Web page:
The Chinese smartphone giant Xiaomi sued the US government for placing the company on a Pentagon blacklist which forbids Americans from investing in it. The Beijing based company filed a lawsuit in the United States District Court of Columbia naming the US Defense secretary Lloyd Austin and Treasury secretary Janet Allen as defendants.
Xiaomi made a move after the US government included the company in a list of firms designating them as 'Communist Chinese Military Companies' (CCMC). These companies allegedly have ties with the People's Liberation Army of China. The Trump administration used the list to implement an order banning American investors from buying securities from Xiaomi.
The company called it unconstitutional and sought a court ruling to reverse the banning order. In the lawsuit, Xiaomi expressed concerns that banning investors would cause 'immediate and irreparable harm' and hurt its global reputation. They further added that the US government had not provided any evidence to link them with the Chinese Army and argue that designating the company as CCMC, without explanation or sufficient evidence, was an arbitrary and capricious decision and a violation of the Administrative Procedure Act.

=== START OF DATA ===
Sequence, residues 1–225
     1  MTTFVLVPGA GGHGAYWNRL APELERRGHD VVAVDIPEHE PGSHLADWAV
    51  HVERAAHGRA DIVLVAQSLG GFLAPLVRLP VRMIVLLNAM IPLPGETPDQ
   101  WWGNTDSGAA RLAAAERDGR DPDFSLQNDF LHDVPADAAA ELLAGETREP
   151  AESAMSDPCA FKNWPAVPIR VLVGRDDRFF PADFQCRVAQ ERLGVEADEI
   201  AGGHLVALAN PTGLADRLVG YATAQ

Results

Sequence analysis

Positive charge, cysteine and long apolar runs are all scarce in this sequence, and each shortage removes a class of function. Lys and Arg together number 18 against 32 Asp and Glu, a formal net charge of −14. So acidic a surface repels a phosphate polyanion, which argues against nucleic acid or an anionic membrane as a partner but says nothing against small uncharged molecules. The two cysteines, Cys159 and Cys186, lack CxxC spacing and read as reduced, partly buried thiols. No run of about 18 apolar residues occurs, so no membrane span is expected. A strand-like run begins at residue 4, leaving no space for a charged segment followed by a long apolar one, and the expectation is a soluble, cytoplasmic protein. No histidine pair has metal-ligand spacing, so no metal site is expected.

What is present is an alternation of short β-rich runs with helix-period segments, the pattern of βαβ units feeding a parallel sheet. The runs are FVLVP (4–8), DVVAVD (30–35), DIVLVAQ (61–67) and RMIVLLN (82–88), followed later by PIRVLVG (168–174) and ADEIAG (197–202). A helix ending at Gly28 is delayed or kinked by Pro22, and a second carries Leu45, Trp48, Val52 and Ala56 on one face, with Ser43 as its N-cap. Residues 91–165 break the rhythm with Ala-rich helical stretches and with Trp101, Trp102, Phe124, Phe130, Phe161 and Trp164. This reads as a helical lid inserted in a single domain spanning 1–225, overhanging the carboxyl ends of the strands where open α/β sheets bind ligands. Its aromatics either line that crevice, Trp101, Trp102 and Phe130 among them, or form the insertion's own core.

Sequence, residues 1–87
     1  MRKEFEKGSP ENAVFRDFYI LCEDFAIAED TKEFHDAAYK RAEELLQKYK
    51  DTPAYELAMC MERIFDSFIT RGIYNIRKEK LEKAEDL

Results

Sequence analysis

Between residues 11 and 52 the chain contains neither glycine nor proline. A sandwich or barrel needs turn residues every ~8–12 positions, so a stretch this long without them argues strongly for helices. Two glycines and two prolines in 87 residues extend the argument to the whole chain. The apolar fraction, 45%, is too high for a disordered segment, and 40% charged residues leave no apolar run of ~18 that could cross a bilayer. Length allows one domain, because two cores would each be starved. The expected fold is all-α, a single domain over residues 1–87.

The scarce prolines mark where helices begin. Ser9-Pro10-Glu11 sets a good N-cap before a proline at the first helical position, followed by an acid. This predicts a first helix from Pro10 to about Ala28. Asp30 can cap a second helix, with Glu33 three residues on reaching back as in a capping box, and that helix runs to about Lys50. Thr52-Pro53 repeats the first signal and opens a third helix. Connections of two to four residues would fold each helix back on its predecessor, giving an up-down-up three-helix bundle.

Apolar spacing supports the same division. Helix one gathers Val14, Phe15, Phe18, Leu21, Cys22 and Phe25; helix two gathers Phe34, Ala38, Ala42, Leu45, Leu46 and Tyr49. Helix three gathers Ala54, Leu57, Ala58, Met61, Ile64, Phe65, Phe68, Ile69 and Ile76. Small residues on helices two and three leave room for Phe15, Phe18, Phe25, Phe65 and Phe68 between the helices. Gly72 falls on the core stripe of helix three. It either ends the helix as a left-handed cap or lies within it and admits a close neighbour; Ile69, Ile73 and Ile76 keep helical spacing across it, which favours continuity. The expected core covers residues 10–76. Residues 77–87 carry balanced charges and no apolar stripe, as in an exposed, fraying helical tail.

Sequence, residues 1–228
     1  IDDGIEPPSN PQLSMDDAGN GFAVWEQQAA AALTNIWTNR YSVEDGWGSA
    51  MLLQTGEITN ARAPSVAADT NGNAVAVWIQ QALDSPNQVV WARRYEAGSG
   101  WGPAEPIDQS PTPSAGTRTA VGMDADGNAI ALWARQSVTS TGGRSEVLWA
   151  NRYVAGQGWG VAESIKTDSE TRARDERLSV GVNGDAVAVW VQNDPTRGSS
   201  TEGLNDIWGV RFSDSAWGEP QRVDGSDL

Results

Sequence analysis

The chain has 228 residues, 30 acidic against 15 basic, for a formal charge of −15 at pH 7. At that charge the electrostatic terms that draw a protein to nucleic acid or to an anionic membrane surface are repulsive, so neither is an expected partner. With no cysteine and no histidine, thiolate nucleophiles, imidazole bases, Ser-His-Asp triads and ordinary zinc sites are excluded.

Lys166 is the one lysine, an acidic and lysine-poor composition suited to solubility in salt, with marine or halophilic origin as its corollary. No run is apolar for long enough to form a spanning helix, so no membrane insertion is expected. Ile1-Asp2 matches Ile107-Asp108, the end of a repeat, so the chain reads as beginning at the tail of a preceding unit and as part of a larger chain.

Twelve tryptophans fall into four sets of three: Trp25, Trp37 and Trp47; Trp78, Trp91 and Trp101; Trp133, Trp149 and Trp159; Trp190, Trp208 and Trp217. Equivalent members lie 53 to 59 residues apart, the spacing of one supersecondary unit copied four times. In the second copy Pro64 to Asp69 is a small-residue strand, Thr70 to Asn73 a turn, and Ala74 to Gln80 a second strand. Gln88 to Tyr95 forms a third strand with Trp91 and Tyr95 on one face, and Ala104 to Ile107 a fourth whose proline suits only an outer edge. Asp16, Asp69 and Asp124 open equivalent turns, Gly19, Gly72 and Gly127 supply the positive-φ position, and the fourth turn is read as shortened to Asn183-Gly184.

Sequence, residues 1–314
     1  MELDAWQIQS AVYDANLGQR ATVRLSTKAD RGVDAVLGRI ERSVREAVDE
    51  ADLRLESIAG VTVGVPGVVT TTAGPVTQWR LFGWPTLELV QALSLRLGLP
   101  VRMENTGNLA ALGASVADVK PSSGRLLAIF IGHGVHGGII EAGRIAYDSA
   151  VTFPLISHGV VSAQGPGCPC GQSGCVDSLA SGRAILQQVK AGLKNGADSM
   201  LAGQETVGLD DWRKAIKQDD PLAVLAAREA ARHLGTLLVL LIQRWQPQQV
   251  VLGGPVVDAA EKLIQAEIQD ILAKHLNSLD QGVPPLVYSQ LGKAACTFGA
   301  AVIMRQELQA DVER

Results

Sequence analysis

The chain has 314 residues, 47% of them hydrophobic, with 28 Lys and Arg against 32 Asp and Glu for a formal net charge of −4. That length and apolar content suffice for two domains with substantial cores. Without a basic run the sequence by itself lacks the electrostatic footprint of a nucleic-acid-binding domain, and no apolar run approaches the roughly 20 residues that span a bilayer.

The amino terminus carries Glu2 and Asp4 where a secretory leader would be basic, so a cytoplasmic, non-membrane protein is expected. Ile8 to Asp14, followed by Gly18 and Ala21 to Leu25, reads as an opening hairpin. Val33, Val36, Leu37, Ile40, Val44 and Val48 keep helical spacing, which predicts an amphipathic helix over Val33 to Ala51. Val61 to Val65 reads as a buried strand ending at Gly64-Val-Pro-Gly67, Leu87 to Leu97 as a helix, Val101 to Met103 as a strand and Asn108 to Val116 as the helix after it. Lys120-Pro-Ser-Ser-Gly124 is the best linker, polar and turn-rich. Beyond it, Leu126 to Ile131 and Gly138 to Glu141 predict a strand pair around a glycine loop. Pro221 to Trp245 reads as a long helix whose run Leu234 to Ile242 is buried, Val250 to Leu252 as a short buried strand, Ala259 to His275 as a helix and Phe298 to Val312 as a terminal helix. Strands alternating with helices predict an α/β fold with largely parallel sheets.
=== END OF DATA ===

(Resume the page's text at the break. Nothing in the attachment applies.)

"Xiaomi is not owned or controlled or otherwise affiliated with the Chinese government or military, nor is it owned or controlled by any entity affiliated with the Chinese Defence industrial base," the company said in the court filing.
"With a view to protecting the interests of the global users, partners, employees and stakeholders of the company, the company had pleaded to the courts to declare the decision illegal and that it be reversed," Xiaomi added in a statement.
The company's share dropped 12% after touching all-time highs in the first week of the year. American investors like BlackRock Inc, the Vanguard and State Street Corp had to divest their holdings.